With that in mind, there actually is a nonzero chance that he steps aside from his public duties on a temporary basis in a way that’s presented as being of his own accord (whether that’s actually the case or not). Think about it: He’d not only get the chance to go full straw man and call out unnamed, hypothetical members of the press for insisting that he’d emerge completely unpunished, but he’d perhaps be entitled to pick his own penalty.

The magic number for a Dana White exile ought to be no less than 90 days, but he’d probably opt for a cheeky 60 in order to be back in time for UFC 286 in London on March 18.

TBS and Warner Bros. Discovery Divest From All Things Dana

The concept is so ridiculous that typing it doesn’t make it feel the least bit real.

I had originally bagged on the phase “Dana White’s Power Slap” due to how obscenely close it is to the phrase “white power,” but the present situation is far worse. Live sports may be king, but it’s obvious that TBS simply could not risk the backlash that was guaranteed to come if it truly did premiere an inherently violent product directly associated with Dana White on its airwaves at 10 p.m. ET on Wednesday, Jan. 11.

On Jan. 5, sanity prevailed.

This may or may not mean the official, legal end of Power Slap entirely. If it does, we can take our quantum of solace.

If it’s not the end and rather a postponement, TBS needs to take the next step and not just sever all ties with Dana White entirely, but do so loudly and unequivocally. Consider that the ink is barely dry on the Warner Bros. Discovery merger. This is too much toxicity for the company to ignore no matter how much money they’ve invested in it. Disappearing the project from your TV schedule and your website is something, but the effort cannot stop there.

Endeavor or Disney intervenes at the UFC Level

Endeavor has been famously hands-off as it relates to the day-to-day operations of the world’s largest MMA promotion, so don’t hold your breath about Ari Emanuel and Patrick Whitesell stepping in with sanctions. Disney-owned ESPN, however, has an incredible amount of money tied up in UFC broadcast rights through the end of this year, and Mickey Mouse can’t afford to be associated with domestic violence, period.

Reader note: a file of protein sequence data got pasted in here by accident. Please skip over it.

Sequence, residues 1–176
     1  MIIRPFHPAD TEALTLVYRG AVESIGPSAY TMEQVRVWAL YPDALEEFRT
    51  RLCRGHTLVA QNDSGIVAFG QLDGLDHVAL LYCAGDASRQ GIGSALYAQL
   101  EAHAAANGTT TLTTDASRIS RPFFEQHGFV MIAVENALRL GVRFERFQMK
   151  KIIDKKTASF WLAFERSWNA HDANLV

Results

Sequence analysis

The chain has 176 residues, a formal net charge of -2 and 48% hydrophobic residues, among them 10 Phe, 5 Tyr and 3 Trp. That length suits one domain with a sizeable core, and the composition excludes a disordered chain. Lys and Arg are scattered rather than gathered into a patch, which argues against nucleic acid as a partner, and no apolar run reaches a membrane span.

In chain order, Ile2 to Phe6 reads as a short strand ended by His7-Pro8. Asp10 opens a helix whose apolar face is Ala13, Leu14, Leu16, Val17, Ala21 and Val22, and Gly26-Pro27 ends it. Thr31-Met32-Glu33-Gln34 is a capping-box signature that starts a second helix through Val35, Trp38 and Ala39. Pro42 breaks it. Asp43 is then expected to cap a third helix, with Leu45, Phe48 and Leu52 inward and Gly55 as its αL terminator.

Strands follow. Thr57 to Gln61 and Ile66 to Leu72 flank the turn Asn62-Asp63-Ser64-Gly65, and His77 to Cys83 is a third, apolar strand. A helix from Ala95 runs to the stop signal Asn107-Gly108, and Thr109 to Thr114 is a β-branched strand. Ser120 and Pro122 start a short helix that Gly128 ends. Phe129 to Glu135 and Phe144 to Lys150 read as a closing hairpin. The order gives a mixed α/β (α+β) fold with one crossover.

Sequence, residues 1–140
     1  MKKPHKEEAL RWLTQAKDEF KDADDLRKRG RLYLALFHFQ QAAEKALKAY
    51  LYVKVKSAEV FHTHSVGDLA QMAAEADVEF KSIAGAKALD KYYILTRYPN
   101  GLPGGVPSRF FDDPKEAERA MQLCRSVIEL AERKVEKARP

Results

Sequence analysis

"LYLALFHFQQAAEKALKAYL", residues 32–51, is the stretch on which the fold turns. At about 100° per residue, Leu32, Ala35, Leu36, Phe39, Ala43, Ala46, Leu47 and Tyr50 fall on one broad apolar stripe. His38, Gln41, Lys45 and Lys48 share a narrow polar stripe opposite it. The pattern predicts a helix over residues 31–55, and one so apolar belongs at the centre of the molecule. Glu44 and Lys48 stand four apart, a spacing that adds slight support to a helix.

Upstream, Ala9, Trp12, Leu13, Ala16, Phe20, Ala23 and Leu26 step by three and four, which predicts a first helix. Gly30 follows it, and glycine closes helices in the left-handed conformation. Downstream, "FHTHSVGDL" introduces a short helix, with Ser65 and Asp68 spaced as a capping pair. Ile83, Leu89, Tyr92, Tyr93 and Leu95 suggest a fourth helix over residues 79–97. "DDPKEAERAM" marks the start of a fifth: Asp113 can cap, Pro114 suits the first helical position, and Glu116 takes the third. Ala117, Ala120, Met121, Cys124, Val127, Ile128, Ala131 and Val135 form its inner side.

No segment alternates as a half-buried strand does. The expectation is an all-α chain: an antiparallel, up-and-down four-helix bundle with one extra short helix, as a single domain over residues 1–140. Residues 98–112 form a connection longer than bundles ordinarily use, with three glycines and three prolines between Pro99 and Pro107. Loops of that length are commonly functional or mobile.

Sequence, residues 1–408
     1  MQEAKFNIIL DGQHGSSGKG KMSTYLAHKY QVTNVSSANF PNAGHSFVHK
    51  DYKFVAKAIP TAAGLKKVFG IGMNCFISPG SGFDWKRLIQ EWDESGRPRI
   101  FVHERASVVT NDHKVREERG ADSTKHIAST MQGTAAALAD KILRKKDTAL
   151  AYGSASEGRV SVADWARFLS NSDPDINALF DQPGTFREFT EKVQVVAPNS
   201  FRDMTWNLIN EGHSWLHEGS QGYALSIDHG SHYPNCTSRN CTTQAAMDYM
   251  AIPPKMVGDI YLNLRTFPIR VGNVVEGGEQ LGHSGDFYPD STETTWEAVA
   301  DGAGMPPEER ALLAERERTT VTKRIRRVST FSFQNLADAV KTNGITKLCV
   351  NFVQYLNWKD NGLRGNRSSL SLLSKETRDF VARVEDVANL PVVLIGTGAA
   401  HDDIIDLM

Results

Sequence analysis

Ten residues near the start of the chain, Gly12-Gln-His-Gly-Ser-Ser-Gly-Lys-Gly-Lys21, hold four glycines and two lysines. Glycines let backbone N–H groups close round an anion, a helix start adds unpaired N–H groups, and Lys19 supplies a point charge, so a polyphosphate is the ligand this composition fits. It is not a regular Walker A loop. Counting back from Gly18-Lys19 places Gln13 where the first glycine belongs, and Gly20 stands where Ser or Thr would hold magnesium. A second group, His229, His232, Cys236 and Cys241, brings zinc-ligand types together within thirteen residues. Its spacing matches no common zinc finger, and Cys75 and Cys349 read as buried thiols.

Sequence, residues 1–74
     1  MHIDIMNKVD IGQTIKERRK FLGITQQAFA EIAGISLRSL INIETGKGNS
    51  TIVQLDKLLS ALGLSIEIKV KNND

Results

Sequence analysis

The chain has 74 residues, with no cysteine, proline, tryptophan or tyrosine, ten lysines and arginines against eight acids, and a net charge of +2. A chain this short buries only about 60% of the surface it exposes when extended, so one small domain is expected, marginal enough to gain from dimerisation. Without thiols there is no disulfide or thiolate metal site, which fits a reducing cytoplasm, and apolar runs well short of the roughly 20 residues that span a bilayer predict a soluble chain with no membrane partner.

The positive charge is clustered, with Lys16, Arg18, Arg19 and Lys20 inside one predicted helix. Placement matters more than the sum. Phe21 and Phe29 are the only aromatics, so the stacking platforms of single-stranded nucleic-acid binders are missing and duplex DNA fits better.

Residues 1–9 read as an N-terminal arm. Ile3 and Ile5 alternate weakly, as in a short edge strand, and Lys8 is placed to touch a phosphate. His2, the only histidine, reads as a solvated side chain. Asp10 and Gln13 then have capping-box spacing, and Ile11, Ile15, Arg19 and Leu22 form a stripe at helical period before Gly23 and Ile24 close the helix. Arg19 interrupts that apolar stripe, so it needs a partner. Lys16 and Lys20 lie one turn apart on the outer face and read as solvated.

We haven’t heard anything on this front yet; in fact, the coverage of the abhorrent incident itself has felt mild and incomplete at the Worldwide Leader as of this writing, but devotees will recall that ESPN isn’t completely averse to intervention if something emerges that’s sufficiently beyond the pale.

During the earliest stages of COVID-19 lockdowns, White attempted to move the UFC 249 pay-per-view card originally scheduled for Brooklyn’s Barclays Center in April 2020 to the Tachi Palace Casino and Resort, which is located on indigenous land and therefore wouldn’t require an effectively unobtainable sanction from the California State Athletic Commission. When ESPN caught wind of this, they took all necessary measures to ensure no such move took place. Those efforts were successful.

If there were ever a time for Jimmy Pitaro and Co. to call in the cavalry once again regarding its relationship with the Ultimate Fighting Championship, it’s now.

If not them, then who?

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About The Author
Sam Dunn
Sam Dunn
Sam Dunn is the Managing Editor of Boardroom. Before joining the team, he was an editor and multimedia talent for several sports and culture verticals at Minute Media and an editor, reporter, and site manager at SB Nation. A specialist in content strategy, copywriting, and SEO, he has additionally worked as a digital consultant in the corporate services, retail, and tech industries. He cannot be expected to be impartial on any matter regarding the Florida Gators or Atlanta Braves. Follow him on Twitter @RealFakeSamDunn.